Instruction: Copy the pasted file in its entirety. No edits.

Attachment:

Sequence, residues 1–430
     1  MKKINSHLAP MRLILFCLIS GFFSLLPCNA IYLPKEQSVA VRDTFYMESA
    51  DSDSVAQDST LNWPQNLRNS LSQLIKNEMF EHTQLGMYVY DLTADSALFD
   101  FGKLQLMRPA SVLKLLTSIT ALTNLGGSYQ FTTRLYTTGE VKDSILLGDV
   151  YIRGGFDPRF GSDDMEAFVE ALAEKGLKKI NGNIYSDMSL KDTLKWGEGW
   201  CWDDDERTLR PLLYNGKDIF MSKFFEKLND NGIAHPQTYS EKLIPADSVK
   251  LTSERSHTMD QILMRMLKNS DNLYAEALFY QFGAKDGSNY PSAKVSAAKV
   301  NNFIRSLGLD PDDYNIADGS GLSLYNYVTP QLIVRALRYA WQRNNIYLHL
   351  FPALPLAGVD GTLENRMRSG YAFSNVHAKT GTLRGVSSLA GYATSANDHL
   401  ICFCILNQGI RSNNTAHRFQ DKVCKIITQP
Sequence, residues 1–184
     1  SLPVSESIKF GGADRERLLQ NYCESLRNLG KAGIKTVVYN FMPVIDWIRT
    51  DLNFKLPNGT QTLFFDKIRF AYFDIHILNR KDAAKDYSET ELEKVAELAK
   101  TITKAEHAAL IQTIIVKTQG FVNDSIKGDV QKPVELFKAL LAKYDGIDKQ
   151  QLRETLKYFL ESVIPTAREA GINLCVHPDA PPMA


Sequence, residues 1–430
     1  MKKINSHLAP MRLILFCLIS GFFSLLPCNA IYLPKEQSVA VRDTFYMESA
    51  DSDSVAQDST LNWPQNLRNS LSQLIKNEMF EHTQLGMYVY DLTADSALFD
   101  FGKLQLMRPA SVLKLLTSIT ALTNLGGSYQ FTTRLYTTGE VKDSILLGDV
   151  YIRGGFDPRF GSDDMEAFVE ALAEKGLKKI NGNIYSDMSL KDTLKWGEGW
   201  CWDDDERTLR PLLYNGKDIF MSKFFEKLND NGIAHPQTYS EKLIPADSVK
   251  LTSERSHTMD QILMRMLKNS DNLYAEALFY QFGAKDGSNY PSAKVSAAKV
   301  NNFIRSLGLD PDDYNIADGS GLSLYNYVTP QLIVRALRYA WQRNNIYLHL
   351  FPALPLAGVD GTLENRMRSG YAFSNVHAKT GTLRGVSSLA GYATSANDHL
   401  ICFCILNQGI RSNNTAHRFQ DKVCKIITQP
Sequence, residues 1–184
     1  SLPVSESIKF GGADRERLLQ NYCESLRNLG KAGIKTVVYN FMPVIDWIRT
    51  DLNFKLPNGT QTLFFDKIRF AYFDIHILNR KDAAKDYSET ELEKVAELAK
   101  TITKAEHAAL IQTIIVKTQG FVNDSIKGDV QKPVELFKAL LAKYDGIDKQ
   151  QLRETLKYFL ESVIPTAREA GINLCVHPDA PPMA